Sorry Jackart. I normally agree with you but on this one I think you are wrong. Your man made a promise and he reneaged on that promice, ego, he lied to us. That says a lot about him and his core beliefs; none of it good. To me the only justification for a Government being able to lawfully conficate part of my earnings and skim money from me at every interface I have with them, is that they have the ligitimacy of a vote from us, ie Democracy. But when they lie, that legitimacy disapates and, if they keep doing it, ceases to exist. The EU has become a part, some would say the main part, of our Governamnt, but has no legitimacy at all. Leaving aside its waste and corruption, obvious for anyone to see, it has never been put to a Democratic test, let alone passed such a test. To me, and no doubt others this is an important issue. Yes, its all very nice to have free schools, and I'm sure anything proposed by IDS would be vastly better than anything offerd by the corrupt and incompetent lot we have just ejected from office. But if we are not the masters of our own Nation these thing do not ammount to very much. little more than as nicer prison really. We remain in the EU unable to make our own way in the world and subject to the whims of those whose relationship with us is similar to that of a Farmer to his Cattle.

Anonymous said...

Spent Copper, a good piece although a better analogy would be to liken our lot in Europe now, with the SERFDOM the Saxons 'enjoyed' under the thraldom of William's conquering Barons, we like them (the serfs), are dirt and no higher (and no better thought of) than they.

The Norman conquerers are so like their arrogant dopplegangers/spectral counterparts, in the Kleptocracy of the EU politburo.

Edward Spalton said...

To want to get out of the EU is one thing, to want a referendum about it is another. It's what the Liberal Democrats want. Any referendum would only be granted when the government was certain it could get the answer it wanted. Don't forget that in 1975 the well-prepared, well-funded "Yes" campaign had converted a 60% majority in favour of leaving the EEC in 1972 (as measured by public opinion poll) into a real majority of over 60% for staying in,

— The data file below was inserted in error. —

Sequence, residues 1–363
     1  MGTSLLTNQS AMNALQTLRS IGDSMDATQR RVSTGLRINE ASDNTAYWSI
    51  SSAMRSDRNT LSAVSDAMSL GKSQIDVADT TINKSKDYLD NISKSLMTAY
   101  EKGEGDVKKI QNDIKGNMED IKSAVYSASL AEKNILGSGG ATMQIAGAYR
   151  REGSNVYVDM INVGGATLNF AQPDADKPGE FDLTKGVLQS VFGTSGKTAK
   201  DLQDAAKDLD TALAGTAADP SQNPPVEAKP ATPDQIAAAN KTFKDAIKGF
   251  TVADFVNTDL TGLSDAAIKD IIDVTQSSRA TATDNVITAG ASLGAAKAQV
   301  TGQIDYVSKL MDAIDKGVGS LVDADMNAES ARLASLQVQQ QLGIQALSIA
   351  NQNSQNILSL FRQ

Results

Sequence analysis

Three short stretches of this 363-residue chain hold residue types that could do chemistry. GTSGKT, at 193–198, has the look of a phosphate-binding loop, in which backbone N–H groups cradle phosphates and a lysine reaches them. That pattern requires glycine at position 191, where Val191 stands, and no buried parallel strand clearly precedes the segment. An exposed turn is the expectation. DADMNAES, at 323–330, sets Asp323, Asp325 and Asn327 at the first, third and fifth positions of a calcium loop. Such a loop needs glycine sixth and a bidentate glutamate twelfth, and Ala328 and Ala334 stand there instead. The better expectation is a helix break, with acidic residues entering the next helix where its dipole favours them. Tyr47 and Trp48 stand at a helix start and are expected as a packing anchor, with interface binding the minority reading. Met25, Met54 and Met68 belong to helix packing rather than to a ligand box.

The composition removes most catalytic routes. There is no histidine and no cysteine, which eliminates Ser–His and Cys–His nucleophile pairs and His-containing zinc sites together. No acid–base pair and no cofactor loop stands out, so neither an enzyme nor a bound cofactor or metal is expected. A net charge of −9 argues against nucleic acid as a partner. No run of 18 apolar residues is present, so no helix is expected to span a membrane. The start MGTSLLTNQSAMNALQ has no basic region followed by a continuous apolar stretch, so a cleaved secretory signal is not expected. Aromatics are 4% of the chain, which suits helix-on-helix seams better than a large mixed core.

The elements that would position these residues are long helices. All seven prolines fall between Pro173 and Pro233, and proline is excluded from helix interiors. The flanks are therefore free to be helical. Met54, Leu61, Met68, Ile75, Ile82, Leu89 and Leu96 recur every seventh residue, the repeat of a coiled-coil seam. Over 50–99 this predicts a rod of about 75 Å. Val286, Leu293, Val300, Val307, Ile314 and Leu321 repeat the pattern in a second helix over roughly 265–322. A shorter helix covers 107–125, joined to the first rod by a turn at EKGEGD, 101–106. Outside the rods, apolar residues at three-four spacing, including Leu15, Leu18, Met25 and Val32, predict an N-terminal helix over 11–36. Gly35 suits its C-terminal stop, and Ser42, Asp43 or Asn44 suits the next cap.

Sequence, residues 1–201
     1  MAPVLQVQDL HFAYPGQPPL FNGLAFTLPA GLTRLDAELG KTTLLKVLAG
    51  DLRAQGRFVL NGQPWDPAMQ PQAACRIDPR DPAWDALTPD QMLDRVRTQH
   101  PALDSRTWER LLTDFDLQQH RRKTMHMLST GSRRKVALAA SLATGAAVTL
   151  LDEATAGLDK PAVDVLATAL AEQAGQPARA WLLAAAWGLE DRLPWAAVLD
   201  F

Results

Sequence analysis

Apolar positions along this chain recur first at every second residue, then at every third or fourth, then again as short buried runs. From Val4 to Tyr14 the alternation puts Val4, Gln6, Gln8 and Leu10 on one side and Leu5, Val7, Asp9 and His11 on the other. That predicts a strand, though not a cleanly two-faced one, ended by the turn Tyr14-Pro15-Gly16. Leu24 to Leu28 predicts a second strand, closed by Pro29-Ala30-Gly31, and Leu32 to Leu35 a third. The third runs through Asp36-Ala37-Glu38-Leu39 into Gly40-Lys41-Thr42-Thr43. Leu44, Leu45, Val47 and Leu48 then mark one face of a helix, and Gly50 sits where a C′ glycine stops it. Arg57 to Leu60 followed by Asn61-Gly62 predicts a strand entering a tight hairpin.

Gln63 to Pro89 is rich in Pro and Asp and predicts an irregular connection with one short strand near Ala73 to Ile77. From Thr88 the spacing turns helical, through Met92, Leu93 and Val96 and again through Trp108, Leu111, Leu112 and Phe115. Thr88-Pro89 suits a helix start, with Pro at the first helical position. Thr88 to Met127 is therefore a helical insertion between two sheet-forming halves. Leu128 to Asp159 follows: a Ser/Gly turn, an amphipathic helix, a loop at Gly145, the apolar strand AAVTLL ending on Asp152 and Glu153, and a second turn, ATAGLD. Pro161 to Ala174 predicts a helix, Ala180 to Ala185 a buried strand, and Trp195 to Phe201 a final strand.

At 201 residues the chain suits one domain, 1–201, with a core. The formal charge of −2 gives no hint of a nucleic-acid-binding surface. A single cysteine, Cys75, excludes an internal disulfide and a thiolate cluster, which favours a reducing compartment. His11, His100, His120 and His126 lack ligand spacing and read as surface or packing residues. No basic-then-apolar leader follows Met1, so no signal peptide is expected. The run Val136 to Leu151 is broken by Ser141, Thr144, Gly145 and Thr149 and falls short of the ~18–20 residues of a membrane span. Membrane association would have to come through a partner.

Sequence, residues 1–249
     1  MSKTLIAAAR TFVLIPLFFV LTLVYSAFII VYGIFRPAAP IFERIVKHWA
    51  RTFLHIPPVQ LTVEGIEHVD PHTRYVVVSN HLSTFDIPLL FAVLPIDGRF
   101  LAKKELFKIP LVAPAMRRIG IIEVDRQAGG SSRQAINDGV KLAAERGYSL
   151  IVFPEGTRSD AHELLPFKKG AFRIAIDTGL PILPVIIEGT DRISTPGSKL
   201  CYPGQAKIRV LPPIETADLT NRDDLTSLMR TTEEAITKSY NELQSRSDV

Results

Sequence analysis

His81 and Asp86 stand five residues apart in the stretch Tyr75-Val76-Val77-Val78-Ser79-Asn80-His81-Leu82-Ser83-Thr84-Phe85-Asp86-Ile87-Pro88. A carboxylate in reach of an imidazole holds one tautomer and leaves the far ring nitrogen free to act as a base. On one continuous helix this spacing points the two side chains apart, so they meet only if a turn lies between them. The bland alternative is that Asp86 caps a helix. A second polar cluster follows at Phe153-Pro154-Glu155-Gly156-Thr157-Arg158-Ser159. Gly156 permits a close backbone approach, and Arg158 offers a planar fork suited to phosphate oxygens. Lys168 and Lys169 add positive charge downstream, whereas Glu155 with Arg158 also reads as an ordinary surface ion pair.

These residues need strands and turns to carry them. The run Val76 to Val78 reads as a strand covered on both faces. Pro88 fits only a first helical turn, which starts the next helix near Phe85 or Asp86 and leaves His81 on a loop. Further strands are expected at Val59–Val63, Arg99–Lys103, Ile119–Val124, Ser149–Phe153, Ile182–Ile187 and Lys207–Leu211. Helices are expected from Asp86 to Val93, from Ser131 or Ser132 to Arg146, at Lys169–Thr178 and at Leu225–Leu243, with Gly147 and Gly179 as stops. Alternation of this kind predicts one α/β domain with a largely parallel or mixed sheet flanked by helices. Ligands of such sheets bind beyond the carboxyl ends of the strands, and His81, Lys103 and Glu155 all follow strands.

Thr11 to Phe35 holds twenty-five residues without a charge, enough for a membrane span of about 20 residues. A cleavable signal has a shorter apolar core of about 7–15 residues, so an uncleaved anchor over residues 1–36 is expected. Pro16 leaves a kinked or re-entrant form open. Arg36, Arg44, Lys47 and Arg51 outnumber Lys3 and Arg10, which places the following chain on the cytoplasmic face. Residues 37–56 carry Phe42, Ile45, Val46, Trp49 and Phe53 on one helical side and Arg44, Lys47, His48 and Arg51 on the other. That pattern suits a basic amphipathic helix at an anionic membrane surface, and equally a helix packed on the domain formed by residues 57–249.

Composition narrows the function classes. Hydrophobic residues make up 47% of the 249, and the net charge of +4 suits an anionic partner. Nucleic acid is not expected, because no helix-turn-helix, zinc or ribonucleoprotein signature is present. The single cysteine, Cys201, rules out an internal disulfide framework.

Whilst I think it is important to have an organisation prepared for fighting a referendum, I believe that an "in/out" question any time soon would almost certainly produce an "in" vote and then THE PEOPLE HAVE SPOKEN and campaigning will be on the back foot for another twenty years.

I sounded out Dr. Anthony Coughlan of the Irish National Platform on the matter - a man with more experience of referenda than anyone this side of the water and with a fairly good knowledge of the scene here. Whilst certainly not presuming to tell us what to do, he feels that a referendum could only be won if one of the main parties, preferably the party in government at the time, was in favour of an "out" vote.

So, if there is to be a referendum campaign, let it be about some specific aspect of the EU - Common Fisheries Policy, European Arrest Warrant or whatever. (We all know that these cannot be repealed without amending or abrogating the treaty). Then, if a vote is lost, it is not the end of democratic campaigning against the EU.

Anonymous said...

Fair points Mr Spalton and well explained, thank you.